GPU shortages are so bad that the GeForce GT 730 has made a comeback

GeForce GT 730
(Image credit: Future)

Times are pretty bleak right now for anyone trying to get ahold of some of the best graphics cards on the market, such as the Nvidia GeForce RTX 3080 and the AMD Radeon 6800 XT. In fact, you'd be pretty pressed to find any halfway decent GPU for a fair price, which has led to MSI resurrecting a relic from 2014, the GeForce GT 730.

If you've been trying to build a gaming PC or upgrade an existing rig over the last few months, chances are you've been unsuccessful due to the ongoing shortage of components like AMD Ryzen processors and the latest generation of AMD 'Big Navi' Radeon and Nvidia RTX 3000 series graphics cards.

This is due to a combination of problems such as supply issues caused by the Covid-19 pandemic, scalpers buying up stock to resell for an insane markup, and cryptocurrencies increasing in value, resulting in more demand for crypto mining farms that use up what little hardware is available.

What year is it?

Let's be real, the GT 730 is considerably past its heyday which doesn't make it the most attractive alternative for anyone hunting for even a budget card but it might work if you're desperate (or a fan of older, less demanding titles from the same era). This is the Keplar version of the GPU, which means it packs a whopping 384 CUDA cores and features a 902 MHz boost clock and 2GB of DDR3 VRAM at 1,600 MHz. It also only used 23W of power, but MSI suggests that you play it safe and use a 300W power supply.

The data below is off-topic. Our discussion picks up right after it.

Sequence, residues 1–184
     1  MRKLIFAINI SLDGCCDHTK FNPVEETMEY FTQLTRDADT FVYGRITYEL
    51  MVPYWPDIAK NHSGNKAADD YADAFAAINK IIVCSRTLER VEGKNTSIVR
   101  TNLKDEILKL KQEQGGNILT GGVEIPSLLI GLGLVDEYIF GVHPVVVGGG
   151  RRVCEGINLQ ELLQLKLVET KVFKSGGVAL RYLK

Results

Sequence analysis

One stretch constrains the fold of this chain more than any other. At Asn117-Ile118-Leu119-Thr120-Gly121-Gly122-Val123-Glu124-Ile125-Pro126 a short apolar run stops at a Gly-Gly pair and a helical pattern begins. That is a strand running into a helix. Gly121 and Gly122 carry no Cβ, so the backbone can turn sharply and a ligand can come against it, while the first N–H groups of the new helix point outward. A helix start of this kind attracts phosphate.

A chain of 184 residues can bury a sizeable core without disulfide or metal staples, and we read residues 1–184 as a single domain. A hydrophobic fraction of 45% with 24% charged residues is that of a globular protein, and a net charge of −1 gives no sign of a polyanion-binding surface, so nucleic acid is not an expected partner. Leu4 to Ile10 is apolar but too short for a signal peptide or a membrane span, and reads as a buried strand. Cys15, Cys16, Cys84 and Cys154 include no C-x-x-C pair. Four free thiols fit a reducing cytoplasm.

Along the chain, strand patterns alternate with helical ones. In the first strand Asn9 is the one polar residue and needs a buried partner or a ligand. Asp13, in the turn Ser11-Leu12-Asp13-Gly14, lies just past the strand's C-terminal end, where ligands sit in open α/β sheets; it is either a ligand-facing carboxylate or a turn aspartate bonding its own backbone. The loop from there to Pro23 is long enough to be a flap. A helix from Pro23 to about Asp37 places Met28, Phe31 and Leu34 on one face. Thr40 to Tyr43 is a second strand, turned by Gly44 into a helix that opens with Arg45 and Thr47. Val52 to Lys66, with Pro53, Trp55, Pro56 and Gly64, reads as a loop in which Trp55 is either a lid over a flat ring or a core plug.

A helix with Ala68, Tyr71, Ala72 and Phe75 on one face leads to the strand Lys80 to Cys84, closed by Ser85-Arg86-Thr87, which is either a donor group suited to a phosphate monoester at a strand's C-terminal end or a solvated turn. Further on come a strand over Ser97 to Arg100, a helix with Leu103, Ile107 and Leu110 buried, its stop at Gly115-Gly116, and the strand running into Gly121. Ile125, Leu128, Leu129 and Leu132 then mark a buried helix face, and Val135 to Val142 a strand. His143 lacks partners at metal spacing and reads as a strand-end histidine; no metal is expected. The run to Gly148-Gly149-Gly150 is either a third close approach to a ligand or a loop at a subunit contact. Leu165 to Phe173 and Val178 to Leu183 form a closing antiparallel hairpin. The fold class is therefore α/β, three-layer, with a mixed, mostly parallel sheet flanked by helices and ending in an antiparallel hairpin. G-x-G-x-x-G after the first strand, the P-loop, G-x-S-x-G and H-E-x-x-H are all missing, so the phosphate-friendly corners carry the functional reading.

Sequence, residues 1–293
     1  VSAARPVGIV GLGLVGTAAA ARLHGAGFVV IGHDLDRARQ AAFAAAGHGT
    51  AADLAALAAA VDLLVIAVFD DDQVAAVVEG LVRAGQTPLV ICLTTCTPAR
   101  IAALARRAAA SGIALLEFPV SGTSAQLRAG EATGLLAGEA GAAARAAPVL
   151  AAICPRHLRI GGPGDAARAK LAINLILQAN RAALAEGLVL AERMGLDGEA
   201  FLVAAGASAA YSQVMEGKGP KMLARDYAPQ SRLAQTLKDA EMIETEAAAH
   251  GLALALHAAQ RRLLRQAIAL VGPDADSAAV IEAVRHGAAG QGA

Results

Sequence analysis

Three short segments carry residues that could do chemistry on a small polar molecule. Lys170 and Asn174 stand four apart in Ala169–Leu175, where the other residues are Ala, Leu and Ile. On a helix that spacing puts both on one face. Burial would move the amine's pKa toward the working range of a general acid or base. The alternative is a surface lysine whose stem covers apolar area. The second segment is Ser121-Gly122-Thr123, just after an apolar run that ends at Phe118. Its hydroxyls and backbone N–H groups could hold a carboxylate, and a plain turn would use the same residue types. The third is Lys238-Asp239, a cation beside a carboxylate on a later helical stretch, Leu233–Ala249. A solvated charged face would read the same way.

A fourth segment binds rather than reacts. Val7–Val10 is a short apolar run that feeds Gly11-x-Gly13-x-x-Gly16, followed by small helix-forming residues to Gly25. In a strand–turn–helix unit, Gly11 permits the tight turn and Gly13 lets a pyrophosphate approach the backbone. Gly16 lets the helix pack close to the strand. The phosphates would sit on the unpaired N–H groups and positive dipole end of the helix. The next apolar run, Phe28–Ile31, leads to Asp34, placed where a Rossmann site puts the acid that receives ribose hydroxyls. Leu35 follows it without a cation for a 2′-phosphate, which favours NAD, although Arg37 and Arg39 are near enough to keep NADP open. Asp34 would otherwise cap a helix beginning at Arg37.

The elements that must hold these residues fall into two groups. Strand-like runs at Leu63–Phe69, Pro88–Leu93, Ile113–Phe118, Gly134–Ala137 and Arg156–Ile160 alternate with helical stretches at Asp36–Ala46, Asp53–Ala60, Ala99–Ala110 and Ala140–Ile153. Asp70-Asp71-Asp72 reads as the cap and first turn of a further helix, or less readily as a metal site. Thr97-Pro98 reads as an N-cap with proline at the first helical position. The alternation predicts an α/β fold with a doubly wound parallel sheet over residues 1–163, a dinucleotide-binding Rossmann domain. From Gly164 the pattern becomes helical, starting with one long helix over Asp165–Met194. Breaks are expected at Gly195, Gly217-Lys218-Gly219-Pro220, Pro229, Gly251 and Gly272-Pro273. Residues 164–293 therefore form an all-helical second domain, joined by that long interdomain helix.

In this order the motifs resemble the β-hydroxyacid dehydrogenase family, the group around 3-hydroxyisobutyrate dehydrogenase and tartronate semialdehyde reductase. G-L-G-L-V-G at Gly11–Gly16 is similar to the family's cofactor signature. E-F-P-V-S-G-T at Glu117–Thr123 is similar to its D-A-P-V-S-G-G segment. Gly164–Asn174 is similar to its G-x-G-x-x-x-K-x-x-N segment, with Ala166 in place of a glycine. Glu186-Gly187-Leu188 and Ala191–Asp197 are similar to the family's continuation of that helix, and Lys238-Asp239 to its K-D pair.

You won't be playing any new AAA games on this 'beast', but a few old benchmarks provided by Quora user Swapnil Gore reveal you could expect around 40 FPS in Grand Theft Auto 5 and 50 FPS on Tomb Raider 2013 on Medium/High settings.

It's important to note that Nvidia has announced that all driver support for Keplar graphics cards will be terminated on the next GeForce driver update, so if you wanted to actually buy one then proceed at your own risk. It also isn't clear if this model will actually be sold outside of Japan as a price was provided as 4,565 yen (around $40 / £30 / AU$50).

Regardless of how likely this is to sell, it paints a grim picture of the current GPU market. With the RTX 3070 Ti expected to hit the shelves later today, we anticipate it will sell out just as quickly as the previous Nvidia releases, only to be found available through resellers for a considerable sum. We can only hope that something will give eventually so PC gaming doesn't become even pricier than it already was.

Via Tom's Hardware

Jess Weatherbed

Jess is a former TechRadar Computing writer, where she covered all aspects of Mac and PC hardware, including PC gaming and peripherals. She has been interviewed as an industry expert for the BBC, and while her educational background was in prosthetics and model-making, her true love is in tech and she has built numerous desktop computers over the last 10 years for gaming and content creation. Jess is now a journalist at The Verge.